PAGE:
Work conducted at CIRM is anchored to one or more of the six following research-action axes:
Digital culture, art, literature, and performance
Deputy Director: Will Straw
The place of culture in Montreal is over-determined by at least three factors : the longstanding reputation of Montreal as a city distinguished by its commitment to leisure and cultural expression; current innovation agendas which emphasis the interplay between technological invention and artistic experimentation (gaming, lighting, circus arts, etc.); social-political doctrines which emphasize the role of culture in the sustaining of languages and the expression of cultural diversity. Work in this axis will trace the interplay between traditional cultural forms (music, literature, visual arts, performance, etc.) and the digital platforms or networks within which they are increasingly implicated. We will study the role of cultural forms, events and institutions in solidifying or eroding the boundaries between linguistic and ethno-racial communities. We will examine, as well, the ways in which cultural expression in Montreal offers particular “maps” of the city and interweaves the different voices, perspectives and stories of its populations.
Language, belonging, and plurilingualism
Deputy Director: Wim Remysen
Language has long been a major social and political issue in Montreal, particularly since the Révolution Tranquille. Sometimes described as a divided city made up of many solitudes, Montréal has also been represented as the battleground on which the future of the French language will be won or lost. Montréal is, in effect, home to most of Quebec’s immigrant and Anglophone population. This axis examines how language plays out and shapes life in the city, today as well as in the past, in politics and issues of citizenship and belonging, in cultural expression, in economics, the workplace and in everyday interactions and collective initiatives. New ways of conceptualizing language propose new ways of studying language demographically, politically and ideologically, as well as the growing bilingualism and plurilingualism of Montrealers.
Economy, social innovation, and social transformation
Deputy Director : Richard Shearmur
The Economy – meaning not only the system put in place by society for production and distribution of goods and services, but also status given to those participating to the system as well as to the distribution of value generated – is changing. For about fifteen years, technological (mobile phones, automatization) as well as political (globalization, austerity) choices have threatened employment by creating precarious work conditions through small gigs, and have made it possible for coordinating work from a multiplicity of places. As a city that relies on heavy industries (transportation, manufacturing) and thus on an economy structurally dependant on technical and material production, Montreal undergoes economical transformations. It is, at the same time, a city with a strong tradition of social cooperation and mutual assistance: a multitude of organizations – communal, municipal, rooted in neighborhoods and in businesses – pull together and act to harness those transformations in order to take advantage of what is best for Montrealers. In this research-action axis, we will examine social, personal and communal repercussions of these changes in Montreal. We will also work, hand in hand with organizations and social innovators, so we can better understand how to inflect economical transformations for the greater good of all Montrealers.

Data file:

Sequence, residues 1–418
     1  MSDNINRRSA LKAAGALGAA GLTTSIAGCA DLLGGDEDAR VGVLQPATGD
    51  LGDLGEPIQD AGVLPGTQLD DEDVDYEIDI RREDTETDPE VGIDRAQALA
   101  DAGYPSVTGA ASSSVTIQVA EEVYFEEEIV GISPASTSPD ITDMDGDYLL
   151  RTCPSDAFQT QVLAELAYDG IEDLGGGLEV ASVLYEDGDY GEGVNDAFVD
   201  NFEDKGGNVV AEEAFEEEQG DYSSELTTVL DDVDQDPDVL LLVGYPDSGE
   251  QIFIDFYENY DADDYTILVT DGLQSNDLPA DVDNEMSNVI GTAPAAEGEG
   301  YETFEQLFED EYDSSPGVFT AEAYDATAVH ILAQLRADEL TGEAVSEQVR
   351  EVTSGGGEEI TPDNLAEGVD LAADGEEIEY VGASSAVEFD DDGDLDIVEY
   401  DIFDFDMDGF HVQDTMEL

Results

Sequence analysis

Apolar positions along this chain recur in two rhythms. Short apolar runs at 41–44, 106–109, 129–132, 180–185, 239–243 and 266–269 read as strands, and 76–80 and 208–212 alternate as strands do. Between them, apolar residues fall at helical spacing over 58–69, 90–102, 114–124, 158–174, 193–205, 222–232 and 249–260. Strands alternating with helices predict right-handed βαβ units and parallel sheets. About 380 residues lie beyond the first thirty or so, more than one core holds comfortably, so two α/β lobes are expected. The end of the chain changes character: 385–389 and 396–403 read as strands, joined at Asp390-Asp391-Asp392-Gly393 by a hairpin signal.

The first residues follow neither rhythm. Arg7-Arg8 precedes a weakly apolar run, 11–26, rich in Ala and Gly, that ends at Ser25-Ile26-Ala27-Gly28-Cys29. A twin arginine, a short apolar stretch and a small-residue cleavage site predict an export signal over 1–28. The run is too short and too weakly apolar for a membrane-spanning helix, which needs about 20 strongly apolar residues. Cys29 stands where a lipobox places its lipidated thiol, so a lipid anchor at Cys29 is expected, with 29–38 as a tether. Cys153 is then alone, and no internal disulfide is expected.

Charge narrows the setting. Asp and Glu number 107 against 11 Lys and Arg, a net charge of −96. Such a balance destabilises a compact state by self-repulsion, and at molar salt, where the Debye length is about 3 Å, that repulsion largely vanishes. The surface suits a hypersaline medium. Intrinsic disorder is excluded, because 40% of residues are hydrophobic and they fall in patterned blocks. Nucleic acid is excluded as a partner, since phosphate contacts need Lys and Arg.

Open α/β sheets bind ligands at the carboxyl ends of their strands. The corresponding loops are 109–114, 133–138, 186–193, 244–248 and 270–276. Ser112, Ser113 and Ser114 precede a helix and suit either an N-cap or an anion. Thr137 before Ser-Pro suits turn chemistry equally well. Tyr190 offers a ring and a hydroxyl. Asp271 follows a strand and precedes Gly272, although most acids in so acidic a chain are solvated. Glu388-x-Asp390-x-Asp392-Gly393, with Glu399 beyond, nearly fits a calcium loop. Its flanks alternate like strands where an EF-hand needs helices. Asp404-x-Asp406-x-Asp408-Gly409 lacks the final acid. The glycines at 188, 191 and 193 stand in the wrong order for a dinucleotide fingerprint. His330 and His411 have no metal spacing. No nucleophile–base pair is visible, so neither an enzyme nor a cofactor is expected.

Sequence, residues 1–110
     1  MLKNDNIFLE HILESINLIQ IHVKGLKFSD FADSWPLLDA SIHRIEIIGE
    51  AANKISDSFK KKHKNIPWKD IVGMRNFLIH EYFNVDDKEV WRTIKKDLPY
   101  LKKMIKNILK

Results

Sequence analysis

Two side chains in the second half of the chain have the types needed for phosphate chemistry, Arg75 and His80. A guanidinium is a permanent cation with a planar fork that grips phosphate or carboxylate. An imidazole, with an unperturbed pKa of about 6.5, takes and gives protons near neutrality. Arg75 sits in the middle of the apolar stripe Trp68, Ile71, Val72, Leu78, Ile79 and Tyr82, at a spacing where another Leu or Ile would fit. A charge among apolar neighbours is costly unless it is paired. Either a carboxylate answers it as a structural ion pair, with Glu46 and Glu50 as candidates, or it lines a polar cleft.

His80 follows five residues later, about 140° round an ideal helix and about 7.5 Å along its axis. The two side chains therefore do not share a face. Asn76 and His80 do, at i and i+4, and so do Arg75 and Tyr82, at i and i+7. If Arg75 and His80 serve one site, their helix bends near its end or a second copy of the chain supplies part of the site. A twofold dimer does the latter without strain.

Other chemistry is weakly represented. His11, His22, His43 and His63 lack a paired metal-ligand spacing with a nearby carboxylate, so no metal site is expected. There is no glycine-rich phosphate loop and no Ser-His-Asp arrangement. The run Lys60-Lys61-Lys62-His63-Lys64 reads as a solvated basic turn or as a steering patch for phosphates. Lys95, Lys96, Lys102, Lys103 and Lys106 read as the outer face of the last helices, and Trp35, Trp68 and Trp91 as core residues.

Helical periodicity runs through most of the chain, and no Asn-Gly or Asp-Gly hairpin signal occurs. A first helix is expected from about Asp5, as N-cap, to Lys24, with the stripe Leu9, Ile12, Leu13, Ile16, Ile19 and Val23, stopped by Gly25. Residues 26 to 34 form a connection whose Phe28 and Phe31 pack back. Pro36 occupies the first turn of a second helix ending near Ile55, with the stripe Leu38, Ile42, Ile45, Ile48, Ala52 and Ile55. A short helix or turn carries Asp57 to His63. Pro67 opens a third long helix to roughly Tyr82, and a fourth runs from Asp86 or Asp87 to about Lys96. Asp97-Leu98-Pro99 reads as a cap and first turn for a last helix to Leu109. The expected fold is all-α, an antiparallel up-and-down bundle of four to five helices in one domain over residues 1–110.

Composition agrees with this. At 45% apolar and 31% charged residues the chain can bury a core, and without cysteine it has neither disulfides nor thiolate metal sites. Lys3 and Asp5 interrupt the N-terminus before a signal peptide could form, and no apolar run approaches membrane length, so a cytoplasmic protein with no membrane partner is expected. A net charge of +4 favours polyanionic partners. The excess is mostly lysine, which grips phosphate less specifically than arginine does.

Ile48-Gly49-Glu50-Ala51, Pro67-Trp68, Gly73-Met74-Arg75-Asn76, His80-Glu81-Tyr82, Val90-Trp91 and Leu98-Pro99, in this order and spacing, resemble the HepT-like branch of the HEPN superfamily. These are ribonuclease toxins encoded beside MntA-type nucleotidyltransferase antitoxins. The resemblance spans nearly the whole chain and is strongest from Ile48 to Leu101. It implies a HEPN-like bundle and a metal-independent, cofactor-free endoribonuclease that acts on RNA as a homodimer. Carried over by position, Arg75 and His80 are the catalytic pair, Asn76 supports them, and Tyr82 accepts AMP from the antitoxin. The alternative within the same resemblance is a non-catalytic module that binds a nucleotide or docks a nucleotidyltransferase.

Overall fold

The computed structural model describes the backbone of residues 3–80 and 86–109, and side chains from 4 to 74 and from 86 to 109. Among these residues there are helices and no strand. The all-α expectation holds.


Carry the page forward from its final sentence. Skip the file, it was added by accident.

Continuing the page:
Mobility, urban planning, and environment
Deputy Director: Juan Torres
Montreal is a city where diversity shows itself through different forms of mobility. For example, one can observe complex residential trajectories, like those of families with children or of new immigrants, that connect central neighborhoods with peripheral zones. As for everyday mobility, Montreal is also the setting of a great diversity of behaviors dependent on mutating accommodations in transportation but also, in a deeper level, on significant spatial transformations: revitalization of central neighborhoods, redevelopment of public spaces, repair of major infrastructures, etc. This axis is an opportunity to think about and study contemporary processes that shape urban space on various scales, while focusing on the relationships between these processes and the residents’ practices of mobility, including the younger ones.
Governance, institutions, and citizen participation
Co-Deputy Directors: Hoi Kong and Daniel Weinstock
This axis of research focuses on the legal and administrative structures that enable a city to govern itself and that facilitate citizen and stakeholder participation in governance processes. Research projects done under this axis focus on Montreal’s formal and informal governance mechanisms, draw comparisons to other jurisdictions, and involve collaborations among academic institutions, governments and civil society actors.
Immigration, living conditions, and religion
Co-Deputy Directors: Annick Germain and Frédéric Dejean
Immigration is a central component of Montreal’s reality, although difficult to study and to understand, as it is always increasing in size and in complexity (country of birth, variety of statuses, professional and spatial mobility, etc.). How do immigrants, while they settle in the city, contribute to transforming it? How do mechanisms of inclusion work in Montreal? How can we innovate in regard to welcoming new residents? These questions suppose wide and multi-dimensional approaches, from housing, places of worship to employment, and they invite us to take in account the community of all Montrealers, everyone being a stakeholder in the various processes of inclusion.